Why Manny Pacquiao Refusing To Fight In Vegas Doesn’t Prove A Problem With American Tax Policy

Conservatives are overjoyed at the news that boxer Manny Pacquiao is refusing to fight his next bout in the United States because he doesn’t want to pay taxes, and anti-tax groups like Grover Norquist’s Americans for Tax Reform are already using it as an example of how America’s “punitive” tax policy makes it less competitive with other countries around the world.

ATR first worries that the American tax code will make it more likely that other boxers follow Pacquiao’s lead, then expands into a broader critique of taxes on ordinary American investment:

Fewer boxing matches per year would mean fewer vendors, a decrease in tourism, and less money being spent in host cities. Hosting a major sporting event has proven to create jobs and insert economic life within the city. The federal government needs to follow the examples being set by GOP governors seeking to reduce their respective state’s income tax burden or risk losing investments across every industry.

At the end of the day, people migrate and invest in places where they will receive the most for their services and skills. The higher the income tax, the less return these same people will see. By continuing to have this excessively high income tax, the U.S. continues to discourage businesses and workers looking to make profitable investments.

The most obvious problem with this thinking is that the Marquez-Pacquiao fight is somehow going to bring great benefit to Las Vegas. It won’t. Fight or no fight, Vegas hotels and casinos are going to be full of high-rollers and ordinary gamblers and non-gamblers alike, because it’s Las Vegas. The utility of a sporting event in that type of economy is almost certainly even smaller than the utility of bigger sporting events, and gearing tax policy toward the attraction of sporting events is a terrible idea anyway.

The real problem, though, is the idea that tax policy is somehow the only factor in where future fights will take place. Fight promoters are going to lose a substantial amount of money if Pacquiao and Marquez fight in Asia, because more people will pay to watch if they fight in the U.S. That means there is an advantage for promoters and even most boxers to fighting in the U.S. even if they have to pay higher tax rates. It even extends in Pacquiao’s case, since lower tax rates aren’t the only reason he wants to fight in southeast Asia: nearing the end of his career, the Filipino boxer sees it as an opportunity to broaden his global fan base.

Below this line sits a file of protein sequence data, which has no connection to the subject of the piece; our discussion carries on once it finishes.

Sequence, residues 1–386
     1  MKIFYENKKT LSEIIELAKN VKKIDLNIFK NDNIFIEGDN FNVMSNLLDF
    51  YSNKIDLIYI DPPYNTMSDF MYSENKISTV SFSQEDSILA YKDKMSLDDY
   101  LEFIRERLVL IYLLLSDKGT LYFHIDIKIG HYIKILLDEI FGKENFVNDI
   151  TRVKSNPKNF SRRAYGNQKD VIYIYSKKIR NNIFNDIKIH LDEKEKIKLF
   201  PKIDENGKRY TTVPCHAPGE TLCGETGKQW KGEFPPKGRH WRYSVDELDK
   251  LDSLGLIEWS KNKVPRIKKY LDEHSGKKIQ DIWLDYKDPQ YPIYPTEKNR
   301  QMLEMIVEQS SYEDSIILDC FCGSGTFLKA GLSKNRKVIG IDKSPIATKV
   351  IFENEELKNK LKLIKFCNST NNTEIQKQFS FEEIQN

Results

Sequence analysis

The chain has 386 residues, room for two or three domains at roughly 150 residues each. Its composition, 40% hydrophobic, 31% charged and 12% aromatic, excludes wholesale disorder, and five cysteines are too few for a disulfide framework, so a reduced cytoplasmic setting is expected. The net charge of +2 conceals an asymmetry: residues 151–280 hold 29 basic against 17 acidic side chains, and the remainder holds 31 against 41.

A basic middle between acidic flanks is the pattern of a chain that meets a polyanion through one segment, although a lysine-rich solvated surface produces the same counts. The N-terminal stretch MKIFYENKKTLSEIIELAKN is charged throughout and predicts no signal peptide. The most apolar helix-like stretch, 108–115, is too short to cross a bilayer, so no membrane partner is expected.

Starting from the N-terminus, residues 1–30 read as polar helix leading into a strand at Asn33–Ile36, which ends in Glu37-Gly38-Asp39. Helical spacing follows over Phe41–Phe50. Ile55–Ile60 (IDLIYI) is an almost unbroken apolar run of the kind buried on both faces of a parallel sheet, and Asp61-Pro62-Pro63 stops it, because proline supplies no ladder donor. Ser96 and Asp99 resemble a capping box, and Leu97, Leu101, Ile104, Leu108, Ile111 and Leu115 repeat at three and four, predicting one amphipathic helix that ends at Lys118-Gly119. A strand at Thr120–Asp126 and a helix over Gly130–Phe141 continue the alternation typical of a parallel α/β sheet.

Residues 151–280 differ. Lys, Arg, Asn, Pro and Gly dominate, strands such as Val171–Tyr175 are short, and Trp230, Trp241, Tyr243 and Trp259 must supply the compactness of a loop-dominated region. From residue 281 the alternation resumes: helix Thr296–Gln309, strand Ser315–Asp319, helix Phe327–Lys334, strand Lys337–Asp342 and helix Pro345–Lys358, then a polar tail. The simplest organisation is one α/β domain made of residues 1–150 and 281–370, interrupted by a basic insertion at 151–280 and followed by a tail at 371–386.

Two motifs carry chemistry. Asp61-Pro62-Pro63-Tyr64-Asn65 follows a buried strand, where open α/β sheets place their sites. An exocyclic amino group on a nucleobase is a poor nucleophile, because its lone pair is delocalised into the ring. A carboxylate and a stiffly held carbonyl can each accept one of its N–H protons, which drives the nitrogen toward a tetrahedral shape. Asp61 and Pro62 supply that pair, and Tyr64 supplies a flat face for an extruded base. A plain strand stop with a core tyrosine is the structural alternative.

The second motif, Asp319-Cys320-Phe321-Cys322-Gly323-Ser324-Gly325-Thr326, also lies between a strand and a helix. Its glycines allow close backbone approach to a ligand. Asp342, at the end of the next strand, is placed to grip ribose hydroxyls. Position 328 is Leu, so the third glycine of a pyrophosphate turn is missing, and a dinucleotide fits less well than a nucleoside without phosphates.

And that hits at the fallacy of ATR’s broader critique of American tax policy. Conservatives aren’t necessarily wrong when they argue that “people migrate and invest in places where they will receive the most for their services and skills.” Where they go wrong is in assuming that tax rates are the only or even the dominant determinant in that equation, and in assuming that people and their investments automatically flow to the lowest tax rate attainable. Place matters to people, and the United States is still a more advantageous place to do business, make social and business connections, and live than many other countries with lower tax rates. That’s why rich people don’t flee high-tax states like California and New York en masse, because California and New York still offer business and social advantages to many of the people who choose to live there that other states don’t have. And it’s why businesspeople and their investment don’t just up and leave the U.S. even though we charge a higher personal tax rate than many other countries. There’s no evidence backing up the claim that taxing the rich hurts growth or drives away investment, and in the U.S., periods of higher marginal tax rates actually featured higher rates of economic growth.

There are any number of reasons why people choose to live, invest, and do business in the places they do, and taxes fund many of the things, from education to infrastructure to law enforcement that protects against the graft and corruption that are the price of doing business in Macau, that make certain places advantageous to others. Conservatives don’t like to acknowledge that reality, though, because it makes it obvious that race-to-the-bottom tax policy, in which wealthy people like Pacqiuao benefit at the expense of everyone else, is a fallacious idea.